- Microsoft Access – not a deal-killer for me. I didn’t learn Access for years and only a select few on my teams used it. A nice-to-have but if the individual knows Excel, they can figure out Access if necessary.
- Critical and analytical thinking – again, the core of what the role is about. In terms of resume screening, I look for something on the resume that indicates analytical ability – previous roles, engineering / math degrees, or perhaps a random but related hobby. But there has to be some base level of analytical ability. Training on the business versus training on the technical side are two completely different things. Personally, I don’t really care much about where they went to school – good candidates come from everywhere.
- Specific knowledge about your business or industry – clearly dependent on the role and your company, but if the individual is a smart analyst, they’ll figure out how to add value and dig in to your business pretty quickly. Don’t ding someone because they haven’t worked in your industry before.
- Management skills – analysts typically aren’t managers. And your first one or two don’t even need to have management potential. Focus on what they’ll be doing. Not what you might have them do in 3 years.
- The “Strategic” candidate – some candidates will say they are really interested in being strategic and want to help affect company strategy. To the point where you get tired of hearing the word. (Usually most prevalent in recent MBA grads – this from a Stanford guy so I’m mocking my own here…) The issue is that these folks don’t want to roll up their sleeves and live in Excel for a while. The bummer is they miss the point that everything is in the details. And that the more in the weeds they are, the better they will understand the business. And thus, the more strategic they can and would be.
- Complete inability to communicate – This role is admittedly a bit geeky. Okay, a lot geeky. Unlike some copywriters who can get away with being socially awkward introverts, analysts need to have decent communication skills. Or you need someone on the team who can communicate with them effectively. Copywriters at least have a communication style that works for them. Finding an analyst who can’t communicate in any medium is a disaster you need to avoid.
- Technical – honestly, if you’ve screened correctly, there should be much technical training required initially. Over time, they may want or need some advanced Excel training or even Access and SQL.
- Communication – again, I would do this on day 1, but getting your analyst some communication and / or presentation training may not be a bad idea
- Books to read – “Made to Stick” by Chip and Dan Heath. One of my all-time favorite books. It’s about how to get ideas to stick. There are several sections that apply to people who go deep on something and then have to share their learnings – essentially what analysts have to do.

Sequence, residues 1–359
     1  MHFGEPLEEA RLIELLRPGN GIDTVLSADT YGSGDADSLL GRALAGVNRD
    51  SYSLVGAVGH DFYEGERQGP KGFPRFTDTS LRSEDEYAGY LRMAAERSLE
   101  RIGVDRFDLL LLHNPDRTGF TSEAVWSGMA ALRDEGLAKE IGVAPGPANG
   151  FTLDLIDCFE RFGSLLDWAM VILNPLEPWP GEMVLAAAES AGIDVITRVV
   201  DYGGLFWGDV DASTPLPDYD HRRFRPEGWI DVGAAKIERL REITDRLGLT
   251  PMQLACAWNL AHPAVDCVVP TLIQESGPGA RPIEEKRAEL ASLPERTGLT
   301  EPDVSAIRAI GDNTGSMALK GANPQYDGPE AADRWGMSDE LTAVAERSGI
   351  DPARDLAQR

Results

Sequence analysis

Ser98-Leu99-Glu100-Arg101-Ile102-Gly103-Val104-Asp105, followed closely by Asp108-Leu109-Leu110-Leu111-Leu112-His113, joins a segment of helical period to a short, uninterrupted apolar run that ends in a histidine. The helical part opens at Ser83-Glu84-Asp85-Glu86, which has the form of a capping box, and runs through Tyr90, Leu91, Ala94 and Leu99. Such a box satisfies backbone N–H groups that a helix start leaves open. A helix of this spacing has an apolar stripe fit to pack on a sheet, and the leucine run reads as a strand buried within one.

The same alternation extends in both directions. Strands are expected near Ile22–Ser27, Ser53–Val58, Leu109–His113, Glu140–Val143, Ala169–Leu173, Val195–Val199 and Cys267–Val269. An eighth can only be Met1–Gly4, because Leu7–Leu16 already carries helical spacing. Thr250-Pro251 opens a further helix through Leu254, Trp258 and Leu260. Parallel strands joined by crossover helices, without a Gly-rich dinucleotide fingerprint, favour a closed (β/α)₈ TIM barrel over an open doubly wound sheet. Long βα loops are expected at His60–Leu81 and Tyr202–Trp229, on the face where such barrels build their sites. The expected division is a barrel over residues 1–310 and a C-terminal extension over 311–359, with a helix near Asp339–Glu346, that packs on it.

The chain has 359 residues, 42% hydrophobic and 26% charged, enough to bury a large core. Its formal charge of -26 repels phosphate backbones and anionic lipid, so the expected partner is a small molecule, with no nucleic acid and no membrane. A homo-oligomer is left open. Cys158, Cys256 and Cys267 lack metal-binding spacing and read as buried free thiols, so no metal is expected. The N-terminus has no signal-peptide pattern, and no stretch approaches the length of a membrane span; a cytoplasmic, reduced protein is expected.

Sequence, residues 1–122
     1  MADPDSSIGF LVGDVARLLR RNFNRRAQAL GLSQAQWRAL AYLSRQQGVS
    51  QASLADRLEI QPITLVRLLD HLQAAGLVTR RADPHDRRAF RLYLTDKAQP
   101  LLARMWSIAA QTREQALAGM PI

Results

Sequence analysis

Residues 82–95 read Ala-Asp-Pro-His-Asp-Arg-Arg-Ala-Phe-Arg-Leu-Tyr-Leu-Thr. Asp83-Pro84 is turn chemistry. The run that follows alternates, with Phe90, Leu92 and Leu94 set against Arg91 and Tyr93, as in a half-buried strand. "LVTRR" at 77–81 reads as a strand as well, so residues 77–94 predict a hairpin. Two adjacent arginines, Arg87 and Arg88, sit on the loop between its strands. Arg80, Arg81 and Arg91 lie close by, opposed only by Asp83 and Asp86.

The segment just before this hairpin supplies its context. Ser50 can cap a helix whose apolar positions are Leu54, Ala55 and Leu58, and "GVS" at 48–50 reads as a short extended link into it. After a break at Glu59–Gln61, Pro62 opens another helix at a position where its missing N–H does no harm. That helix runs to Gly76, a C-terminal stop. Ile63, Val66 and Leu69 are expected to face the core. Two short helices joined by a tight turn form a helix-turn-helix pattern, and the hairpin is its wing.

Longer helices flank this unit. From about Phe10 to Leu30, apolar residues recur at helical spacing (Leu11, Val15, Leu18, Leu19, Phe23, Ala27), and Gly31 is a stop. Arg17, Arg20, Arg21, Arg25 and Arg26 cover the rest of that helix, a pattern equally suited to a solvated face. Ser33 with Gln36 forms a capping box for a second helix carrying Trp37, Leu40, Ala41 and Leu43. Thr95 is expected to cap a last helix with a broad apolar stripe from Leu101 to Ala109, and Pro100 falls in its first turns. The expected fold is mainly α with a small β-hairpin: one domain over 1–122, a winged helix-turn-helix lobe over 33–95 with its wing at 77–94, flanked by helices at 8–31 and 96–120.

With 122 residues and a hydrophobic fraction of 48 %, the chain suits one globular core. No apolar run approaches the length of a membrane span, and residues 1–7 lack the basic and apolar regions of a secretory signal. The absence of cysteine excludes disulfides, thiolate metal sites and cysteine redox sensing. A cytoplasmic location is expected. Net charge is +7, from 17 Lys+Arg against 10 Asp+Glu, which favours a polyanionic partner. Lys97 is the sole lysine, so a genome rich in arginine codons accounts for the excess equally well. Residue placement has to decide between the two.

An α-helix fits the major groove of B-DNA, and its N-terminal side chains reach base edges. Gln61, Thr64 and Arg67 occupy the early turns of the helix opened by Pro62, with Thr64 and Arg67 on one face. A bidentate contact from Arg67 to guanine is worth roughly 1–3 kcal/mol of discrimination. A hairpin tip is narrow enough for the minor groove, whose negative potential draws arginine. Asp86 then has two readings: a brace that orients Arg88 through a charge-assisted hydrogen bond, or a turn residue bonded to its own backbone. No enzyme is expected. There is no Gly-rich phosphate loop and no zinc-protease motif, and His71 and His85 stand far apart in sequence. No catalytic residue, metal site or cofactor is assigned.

- Most analysts are cerebral types, and as I mentioned above, likely introverts. As such, they may not always initiate issues and concerns. So you have to be more proactive in making sure they are doing okay.
- Take them to meetings – obvious to some, not so much to others. Analysts want to be appreciated and know that their work is of value. The best way is to be in a meeting where they are presenting their work or if they aren’t ready for prime-time, at least where their work is being discussed.
- Note, to the extent people start making decisions based on the reports, you’ll want the analyst in there anyways to make sure conclusions are correct. It’s also just smart to do so.
- Get them the fastest computers in the company and really nice monitors. Just do it. They’ll feel special. And it actually helps them be more efficient, especially the added processing power.
- Typically these folks like a quieter environment but unless you have a super raucous environment, I think it’s better to have them in the middle of things – they’ll learn faster through osmosis and will start sharing things real-time.
I have found that 3 different visits in-person works the best – the first is an initial screen of 25 minutes, the second is more extensive, and the third is really to make sure both parties do in fact like each other and feel there is a fit.
As mentioned above, one of the keys to the recruiting process is filtering out as many unqualified and frankly lazy applicants as quickly and efficiently as possible. That’s why, in the section above on “attention to detail”, I suggest having applicants put a specific word in the subject line of the email. Immediately, 30%-50% of the applicants will be filtered out. And using a rule in your mail provider, voila…
Next, I typically do an Excel test in a 2nd round interview (see link below), but you can do part or all of this remotely and have them email you the results. I wouldn’t worry about “cheating” because again, you’re looking to filter people out if they aren’t willing to make the effort. And then I would do an in-person test as well if you want.
The in-person interview questions really aren’t rocket science – it’s about trying to get a feel for the person, do they display a history of intellectual curiosity, do they have a good attitude, are they a cultural fit, etc. The Excel test is a big tool for filtering on real skill, plus it gives a candidate a sense of the type of work they’ll be doing.
In terms of questions, etc., here is a list of what I work through: